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Discussion Starter · #1 ·
Is there somthing i can do to prevent this. Tires were low enough that i though i could feel them hitting the rims now and again.

But this trail was so bumpy and my bike was making so much noise it was embareassing not to mention that it jumped gears a couple times. Jumped right back to the right gear right after, but still slowed me down. It was hard keeping up the the FS bikes I was riding with.

Any adjustments i can do?
 

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Is there somthing i can do to prevent this. Tires were low enough that i though i could feel them hitting the rims now and again.

But this trail was so bumpy and my bike was making so much noise it was embareassing not to mention that it jumped gears a couple times. Jumped right back to the right gear right after, but still slowed me down. It was hard keeping up the the FS bikes I was riding with.

Any adjustments i can do?
You can put a chain guide on the bike with the help of a ISCG adaptor if your frame doesn't have tabs, but FS is the long term anwser.
 

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turtles make me hot
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The only thing I can think to suggest is going to a wider rim like the Salsa Gordo and adding a higher volume tire. Also, tighten up on the derailler tension and maybe remove a couple of links on your chain.
 

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Picture Unrelated
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There isn't much you can do to get your bike better at this sort of thing without spending money. Most obvious is to make sure you aren't in the small chainring when you enter the rough stuff. After that, shortening the chain or adding B tension can both mess up the way your bike shifts, so I wouldn't recommend that without knowing what you're doing.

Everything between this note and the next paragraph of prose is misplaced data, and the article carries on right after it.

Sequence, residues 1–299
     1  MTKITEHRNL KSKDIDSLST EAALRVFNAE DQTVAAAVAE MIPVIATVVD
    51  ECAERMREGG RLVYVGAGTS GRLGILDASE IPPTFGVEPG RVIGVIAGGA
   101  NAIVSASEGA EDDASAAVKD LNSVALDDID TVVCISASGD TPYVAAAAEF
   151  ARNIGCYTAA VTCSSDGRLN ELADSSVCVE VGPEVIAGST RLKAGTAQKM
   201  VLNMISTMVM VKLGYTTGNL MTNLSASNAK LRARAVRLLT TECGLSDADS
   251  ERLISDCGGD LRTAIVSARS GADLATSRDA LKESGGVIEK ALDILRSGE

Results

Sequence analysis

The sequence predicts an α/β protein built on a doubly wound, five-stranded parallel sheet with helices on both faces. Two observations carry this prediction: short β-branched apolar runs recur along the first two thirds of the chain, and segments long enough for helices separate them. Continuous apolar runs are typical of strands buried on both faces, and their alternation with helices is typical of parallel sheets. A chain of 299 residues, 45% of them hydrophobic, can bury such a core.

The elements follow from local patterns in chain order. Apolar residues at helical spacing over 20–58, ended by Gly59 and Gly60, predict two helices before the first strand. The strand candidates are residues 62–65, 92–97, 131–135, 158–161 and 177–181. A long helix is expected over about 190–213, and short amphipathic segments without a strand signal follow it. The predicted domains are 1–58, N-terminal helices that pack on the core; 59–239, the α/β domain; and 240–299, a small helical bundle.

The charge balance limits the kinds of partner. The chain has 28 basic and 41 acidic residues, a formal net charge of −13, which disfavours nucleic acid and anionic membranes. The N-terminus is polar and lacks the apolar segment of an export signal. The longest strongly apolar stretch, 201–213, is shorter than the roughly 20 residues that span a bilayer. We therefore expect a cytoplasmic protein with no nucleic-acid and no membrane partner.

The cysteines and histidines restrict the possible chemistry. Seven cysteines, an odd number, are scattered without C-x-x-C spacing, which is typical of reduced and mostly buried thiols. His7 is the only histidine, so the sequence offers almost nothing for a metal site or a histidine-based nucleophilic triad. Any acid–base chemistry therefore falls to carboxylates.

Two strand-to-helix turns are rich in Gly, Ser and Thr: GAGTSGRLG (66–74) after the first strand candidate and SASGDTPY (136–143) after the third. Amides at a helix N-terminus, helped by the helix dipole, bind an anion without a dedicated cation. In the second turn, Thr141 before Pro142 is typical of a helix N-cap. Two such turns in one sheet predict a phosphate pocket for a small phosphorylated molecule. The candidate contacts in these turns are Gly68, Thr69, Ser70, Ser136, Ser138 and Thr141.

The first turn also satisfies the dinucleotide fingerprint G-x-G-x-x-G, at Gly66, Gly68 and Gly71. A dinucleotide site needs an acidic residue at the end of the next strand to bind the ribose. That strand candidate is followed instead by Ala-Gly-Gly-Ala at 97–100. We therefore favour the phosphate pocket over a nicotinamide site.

Slap a chainstay protector on and if it's still bothering you, get rid of the big ring put on a bashguard and shorten the chain to an appropriate length for a two ring setup. After that, you're looking at chainguide territory.

Also; pump your tires back up so that you don't hit your rims anymore. That's not the way to solve this problem. Maybe higher volume tires could help but that depends on what your frame will fit and what volume your tires currently are.
 

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Is there somthing i can do to prevent this. Tires were low enough that i though i could feel them hitting the rims now and again.

But this trail was so bumpy and my bike was making so much noise it was embareassing not to mention that it jumped gears a couple times. Jumped right back to the right gear right after, but still slowed me down. It was hard keeping up the the FS bikes I was riding with.

Any adjustments i can do?
This is why people say that riding a hard tail will make you a better rider...

You have to learn how to ride the bike smoothly, popping the rear wheel over and around obstacles...

A FS bike allows you to be fair less careful about doing this than a hard tail...

So buckup ride hard and learn how to control your bike better.
 

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Class Clown
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What rims/tires do you ride and at what PSI?

Chain length - Add 2 links with the chain on both the largest sprocket and the largest chainring. (without going through the rear derailleur).

How old is your rear derailleur? It is possible to adjust an internal spring to increase tension (you can see pics on parktool's site). In fact take a good look at their rear derailleur adjustments as it's a necessary skill.